Now is the right time to become an American Federation of Musicians member. From ragtime to rap, from the early phonograph to today's digital recordings, the AFM has been there for its members. And now there are more benefits available to AFM members than ever before, including a multi-million dollar pension fund, excellent contract protection, instrument and travelers insurance, work referral programs and access to licensed booking agents to keep you working.
As an AFM member, you are part of a membership of more than 80,000 musicians. Experience has proven that collective activity on behalf of individuals with similar interests is the most effective way to achieve a goal. The AFM can negotiate agreements and administer contracts, procure valuable benefits and achieve legislative goals. A single musician has no such power.
The AFM has a proud history of managing change rather than being victimized by it. We find strength in adversity, and when the going gets tough, we get creative - all on your behalf.
Like the industry, the AFM is also changing and evolving, and its policies and programs will move in new directions dictated by its members. As a member, you will determine these directions through your interest and involvement. Your membership card will be your key to participation in governing your union, keeping it responsive to your needs and enabling it to serve you better. To become a member now, visit www.afm.org/join.
January 31, 2020IM -
by Jeffery Whaley, Secretary-Treasurer, Local 546 (Knoxville, TN)
Members of the Knoxville Symphony Orchestra, along with Local 546 (Knoxville, TN) leaders, returned to the bargaining table with orchestra management on December 18, 2019. In an escalation of concerted action, the musicians’ negotiating team brought with them rank-and-file musicians (wearing “Musicians of the Knoxville Symphony” t-shirts) to tell management their personal stories about how working conditions in the KSO affect their lives and livelihoods. Orchestra management heard many narratives, including written statements and an audio recording by out-of-town musicians who could not attend. These stories illustrated the fact that union proposals come from very real musician concerns, and they served as a powerful display of solidarity.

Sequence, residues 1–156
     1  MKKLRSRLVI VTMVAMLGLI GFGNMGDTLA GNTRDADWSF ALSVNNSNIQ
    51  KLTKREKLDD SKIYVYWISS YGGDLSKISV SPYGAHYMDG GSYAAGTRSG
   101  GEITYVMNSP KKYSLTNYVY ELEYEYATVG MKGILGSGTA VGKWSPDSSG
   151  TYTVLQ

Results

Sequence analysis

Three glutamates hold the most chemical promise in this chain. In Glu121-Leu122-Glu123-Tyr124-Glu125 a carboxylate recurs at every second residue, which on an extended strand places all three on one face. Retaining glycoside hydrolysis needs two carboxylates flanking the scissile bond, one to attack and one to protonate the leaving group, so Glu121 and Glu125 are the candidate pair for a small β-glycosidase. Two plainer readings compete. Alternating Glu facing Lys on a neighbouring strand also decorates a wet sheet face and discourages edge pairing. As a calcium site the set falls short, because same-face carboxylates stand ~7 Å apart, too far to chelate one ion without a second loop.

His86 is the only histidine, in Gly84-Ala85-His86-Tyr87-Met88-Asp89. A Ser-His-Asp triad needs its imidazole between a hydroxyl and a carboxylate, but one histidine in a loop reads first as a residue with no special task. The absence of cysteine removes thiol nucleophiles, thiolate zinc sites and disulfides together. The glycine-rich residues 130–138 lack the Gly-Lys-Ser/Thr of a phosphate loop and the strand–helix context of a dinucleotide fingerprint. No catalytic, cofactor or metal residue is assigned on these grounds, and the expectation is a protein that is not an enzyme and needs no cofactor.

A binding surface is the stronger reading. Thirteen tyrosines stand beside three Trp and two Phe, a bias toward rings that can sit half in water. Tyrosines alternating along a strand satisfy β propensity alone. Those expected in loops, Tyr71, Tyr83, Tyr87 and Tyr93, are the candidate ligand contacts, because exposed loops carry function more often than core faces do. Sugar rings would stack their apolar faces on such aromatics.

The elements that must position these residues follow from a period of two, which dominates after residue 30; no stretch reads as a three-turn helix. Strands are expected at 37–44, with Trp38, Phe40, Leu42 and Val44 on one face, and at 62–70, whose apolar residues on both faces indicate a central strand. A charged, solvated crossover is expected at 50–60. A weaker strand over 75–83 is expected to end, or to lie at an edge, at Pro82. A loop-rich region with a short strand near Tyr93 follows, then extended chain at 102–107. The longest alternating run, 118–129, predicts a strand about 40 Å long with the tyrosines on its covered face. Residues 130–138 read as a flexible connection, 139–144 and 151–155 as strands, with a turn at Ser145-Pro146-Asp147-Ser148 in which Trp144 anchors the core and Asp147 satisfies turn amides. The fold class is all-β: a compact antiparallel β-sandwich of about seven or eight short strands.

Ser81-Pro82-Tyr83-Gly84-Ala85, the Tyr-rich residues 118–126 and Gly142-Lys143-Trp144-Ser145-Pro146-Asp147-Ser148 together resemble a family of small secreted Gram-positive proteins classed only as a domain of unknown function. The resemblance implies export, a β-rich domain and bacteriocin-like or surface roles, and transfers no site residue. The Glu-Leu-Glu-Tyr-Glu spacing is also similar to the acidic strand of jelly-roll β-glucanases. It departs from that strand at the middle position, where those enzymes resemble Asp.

This negotiation is in many ways a continuation of the negotiation that was closed in February 2018. The musicians of the Knoxville Symphony have been playing on an expired contract since September 1, 2019, as they continue to resist decreasing the size of the orchestra core, to seek better contract terms for per-service musicians (many of whom have a long and uncompensated commute), and to assert the need for wages that adequately reflect the cost of living in our rapidly growing city.
The organizing efforts have been the result of several years of work along with tremendous support from AFM Symphonic Services Division (SSD), specifically SSD Director Rochelle Skolnick and Negotiator/Organizer/Educator Todd Jelen. During the 2017-2018 season, the musicians leafletted several performances and collected donations from a number of patrons and supporters that was used to fund the t-shirts worn by union members at the December 18 negotiating session.
In January 2019, Skolnick held an on-site training for the Local 546 board and elected leadership from the Knoxville Symphony. This training has proven invaluable as we continue our ongoing efforts to best represent the needs of our members. We encourage you to follow our efforts and show your support at www.ksomusicians.org.